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Choosing a nitrogen strategy

Nitrogen decisions can be difficult, find a strategy that works for your business.

Key messages:

  • It’s important to always have a nitrogen application strategy for your crops, but be prepared to be flexible and change in response to the seasonal conditions  
  • There are many nitrogen strategies, including seasonally responsive, replacement and nitrogen banking strategies, which each have their advantages and disadvantages, so it’s important to work with your agronomist to determine which one will best suit
  • Deep soil nitrogen testing is an essential tool to understand the nutrients you have in the ‘bank’.

Nitrogen is a key nutrient for plant growth and is essential for producing plant proteins and chlorophyll. However, using nitrogen efficiently can be tricky in broadacre cropping. Deciding the rate and timing of nitrogen is one of the most critical challenges grain growers face in achieving maximum returns. This is because over-application is expensive and can also result in environmental losses through leaching and de-nitrification, while under-application can mean that crops aren’t able to reach their full yield or protein potential. With the shortage of urea last year, many wheat crops were ‘under-cooked’, indicated by low protein levels, which suggests nitrogen may have been a limiting factor in these crops.  

For this reason, it’s important to have a nitrogen use strategy to maximise productivity and profitability, while minimising environmental losses. Having a fertiliser use strategy will also assist with planning, allowing for early ordering of product to mitigate delays with supply shortages, which has been an issue in recent years.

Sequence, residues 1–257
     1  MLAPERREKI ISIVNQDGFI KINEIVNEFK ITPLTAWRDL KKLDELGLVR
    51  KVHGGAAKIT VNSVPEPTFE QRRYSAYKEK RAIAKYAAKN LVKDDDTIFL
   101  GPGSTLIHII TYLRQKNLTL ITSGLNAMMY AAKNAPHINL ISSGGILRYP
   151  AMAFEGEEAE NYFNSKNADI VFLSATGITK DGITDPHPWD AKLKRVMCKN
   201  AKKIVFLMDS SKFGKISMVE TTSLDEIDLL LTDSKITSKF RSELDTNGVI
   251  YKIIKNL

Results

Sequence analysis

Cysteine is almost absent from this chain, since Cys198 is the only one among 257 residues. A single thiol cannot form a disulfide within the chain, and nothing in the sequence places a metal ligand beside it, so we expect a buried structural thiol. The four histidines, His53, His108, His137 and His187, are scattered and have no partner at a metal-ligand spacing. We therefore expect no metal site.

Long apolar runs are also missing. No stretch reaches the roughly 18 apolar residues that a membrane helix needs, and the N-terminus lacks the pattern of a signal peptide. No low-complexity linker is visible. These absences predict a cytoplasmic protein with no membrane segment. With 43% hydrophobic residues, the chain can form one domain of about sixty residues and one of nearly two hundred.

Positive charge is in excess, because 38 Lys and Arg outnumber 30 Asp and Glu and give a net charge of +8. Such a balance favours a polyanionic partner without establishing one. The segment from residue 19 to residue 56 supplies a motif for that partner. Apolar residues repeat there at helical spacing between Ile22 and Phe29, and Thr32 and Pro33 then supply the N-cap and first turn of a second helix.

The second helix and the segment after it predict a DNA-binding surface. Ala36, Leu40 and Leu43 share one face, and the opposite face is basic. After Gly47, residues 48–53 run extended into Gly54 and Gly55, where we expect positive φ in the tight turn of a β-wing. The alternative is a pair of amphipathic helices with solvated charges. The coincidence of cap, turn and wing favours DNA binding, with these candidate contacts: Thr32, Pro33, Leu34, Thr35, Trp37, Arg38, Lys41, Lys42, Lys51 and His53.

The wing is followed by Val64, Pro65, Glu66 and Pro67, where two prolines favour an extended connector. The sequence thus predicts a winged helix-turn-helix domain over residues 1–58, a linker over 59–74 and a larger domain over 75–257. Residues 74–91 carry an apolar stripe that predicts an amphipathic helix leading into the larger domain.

Despite the rainfall received in late May, it has been an extremely dry autumn and early winter across the Riverine Plains region. In most areas, crops will behind where they have been in the past few years, so the volume of nitrogen application and timing must be considered carefully with advice from your agronomist. 

Picking a long-term nitrogen strategy

There are multiple approaches farmers can take when it comes to managing their nitrogen inputs in the long term, including seasonally responsive strategies, replacement strategies and N-banking. Each has various advantages and disadvantages, with different farming businesses being better suited to a particular strategy, based on their key focus.  

Moderate seasonally responsive strategy

Approach: Apply enough nitrogen to meet the yield potential in an average (decile 5) season.
Advantages: Minimises over-investment in poor seasons.
Disadvantages: Limits potential gains in above-average seasons.
Best suited: Regions with consistent winter rainfall.

Financial replacement strategy

Approach: Allocate fertiliser budget based on a fixed percentage of the previous year’s gross income.
Advantages: Reduces financial risk and allows for pre-planning.